See the Glossary for more terms.
Follow the steps below.
1. After each Council meeting, review Council-approved concepts.
Concepts represent the very earliest planning stage of a research initiative: a program announcement (PA), request for applications (RFA), or solicitation. Published initiatives announce NIH funding opportunities in high-priority areas of science.
Even at this pre-initiative stage, concepts can be useful to you. Learn how to use a high-priority topic as the basis of an investigator-initiated application at Concepts May Turn Into Initiatives and the Choose Approach and Find FOAs in the Strategy for NIH Funding.
To find concepts by NIAID division, go to Concepts: Potential Opportunities. To get an email alert when we post new concepts, sign up at NIAID Funding News and Email Alerts Subscription Center and pick Concepts as a topic of interest.
2. Check our initiative list to see advertised areas in which we need applications.
Consider applying for an initiative if the topic matches your area of expertise. Make sure you understand the information in Choose Approach and Find FOAs in the Strategy for NIH Funding.
All RFAs and solicitations have their own funding set-asides (some PAs do as well). For PAs, NIAID funds grants in the PA's area, including some that score above the payline. Find a list on NIAID Funding Opportunities List and other information on our Opportunities and Announcements portal.
To get an email alert for new opportunities, sign up at NIAID Funding News and Email Alerts Subscription Center and pick your areas of interest.
3. Call an NIAID program officer for more information and advice about opportunities.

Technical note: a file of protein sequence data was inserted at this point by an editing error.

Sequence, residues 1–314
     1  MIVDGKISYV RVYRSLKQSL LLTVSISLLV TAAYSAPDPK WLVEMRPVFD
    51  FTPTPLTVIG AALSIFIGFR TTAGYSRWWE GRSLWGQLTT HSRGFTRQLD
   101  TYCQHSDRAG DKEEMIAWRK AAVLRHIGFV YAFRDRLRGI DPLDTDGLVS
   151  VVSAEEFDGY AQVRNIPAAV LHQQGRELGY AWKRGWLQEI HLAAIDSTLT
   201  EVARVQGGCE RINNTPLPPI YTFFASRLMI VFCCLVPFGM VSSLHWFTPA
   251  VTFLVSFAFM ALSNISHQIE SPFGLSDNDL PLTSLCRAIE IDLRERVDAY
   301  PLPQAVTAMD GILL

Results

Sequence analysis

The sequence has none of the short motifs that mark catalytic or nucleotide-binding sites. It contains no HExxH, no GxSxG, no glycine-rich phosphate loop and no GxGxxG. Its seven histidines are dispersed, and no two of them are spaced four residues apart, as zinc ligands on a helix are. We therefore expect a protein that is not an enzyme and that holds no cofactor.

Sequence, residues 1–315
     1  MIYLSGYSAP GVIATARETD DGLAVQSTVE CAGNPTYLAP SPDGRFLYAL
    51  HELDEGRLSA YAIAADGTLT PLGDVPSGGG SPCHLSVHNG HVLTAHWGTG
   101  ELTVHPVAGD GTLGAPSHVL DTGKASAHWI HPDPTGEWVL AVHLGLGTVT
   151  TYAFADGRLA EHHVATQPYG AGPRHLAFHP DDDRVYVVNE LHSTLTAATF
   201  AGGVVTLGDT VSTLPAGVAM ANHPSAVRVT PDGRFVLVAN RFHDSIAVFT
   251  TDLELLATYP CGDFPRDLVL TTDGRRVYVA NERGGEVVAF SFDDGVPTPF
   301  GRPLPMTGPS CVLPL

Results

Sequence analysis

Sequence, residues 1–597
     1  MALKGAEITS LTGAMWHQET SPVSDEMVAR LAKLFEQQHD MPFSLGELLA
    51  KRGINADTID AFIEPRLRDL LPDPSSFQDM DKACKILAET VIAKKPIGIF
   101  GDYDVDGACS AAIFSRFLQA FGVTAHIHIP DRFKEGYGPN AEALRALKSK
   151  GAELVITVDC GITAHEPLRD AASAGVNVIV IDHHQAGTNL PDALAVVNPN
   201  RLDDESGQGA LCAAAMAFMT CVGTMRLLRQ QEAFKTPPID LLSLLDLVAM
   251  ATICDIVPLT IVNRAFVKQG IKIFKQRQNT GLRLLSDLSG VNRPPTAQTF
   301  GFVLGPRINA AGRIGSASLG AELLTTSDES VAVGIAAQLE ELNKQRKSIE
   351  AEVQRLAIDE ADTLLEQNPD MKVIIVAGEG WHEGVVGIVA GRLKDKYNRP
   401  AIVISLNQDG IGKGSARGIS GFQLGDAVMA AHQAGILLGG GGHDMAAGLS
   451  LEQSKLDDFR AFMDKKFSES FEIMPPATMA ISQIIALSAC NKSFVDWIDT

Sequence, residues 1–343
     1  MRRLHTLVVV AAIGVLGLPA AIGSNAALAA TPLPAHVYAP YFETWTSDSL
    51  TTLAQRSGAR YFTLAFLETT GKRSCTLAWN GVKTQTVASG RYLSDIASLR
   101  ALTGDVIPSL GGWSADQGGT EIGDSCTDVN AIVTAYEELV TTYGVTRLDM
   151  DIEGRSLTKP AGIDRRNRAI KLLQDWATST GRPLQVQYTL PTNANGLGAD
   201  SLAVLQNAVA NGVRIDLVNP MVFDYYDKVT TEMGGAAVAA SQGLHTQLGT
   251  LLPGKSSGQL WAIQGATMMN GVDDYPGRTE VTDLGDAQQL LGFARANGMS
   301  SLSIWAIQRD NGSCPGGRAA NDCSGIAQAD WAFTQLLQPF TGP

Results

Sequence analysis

Contact an NIAID program officer to discuss any of the topics you found in steps one and two and ask about the possibility of other high-priority areas that match your areas of expertise.
You could use one of those topics as the basis of an investigator-initiated application or consider applying through an initiative. Read more in the Pick a Research Project article in our Strategy for NIH Funding.
If you are thinking about applying through an initiative, call the program officer listed in the announcement. Ask how well the initiative is suited to your research strengths and objectives, and discuss the level of competition you can expect.
For more on finding a program officer, read When to Contact an NIAID Program Officer.
4. Assess what research is already funded to unearth gaps in your field.
Ferret out the gaps in your field, paying particular attention to areas the Institute considers to be high priority. Both the Community of Science and NIH's RePORTER have search engines that will find funded research projects. Read more at Researching Research Topics and Teammates in our Strategy for NIH Funding.
5. Get help identifying a topic.
Find advice on choosing a topic for your grant's project at Choose Approach and Find FOAs in our Strategy for NIH Funding.
After you have chosen a topic, read the other pages in our Strategy for NIH Funding and other All About Grants Tutorials for grant writing help.
Last Updated January 27, 2015
Last Reviewed October 15, 2014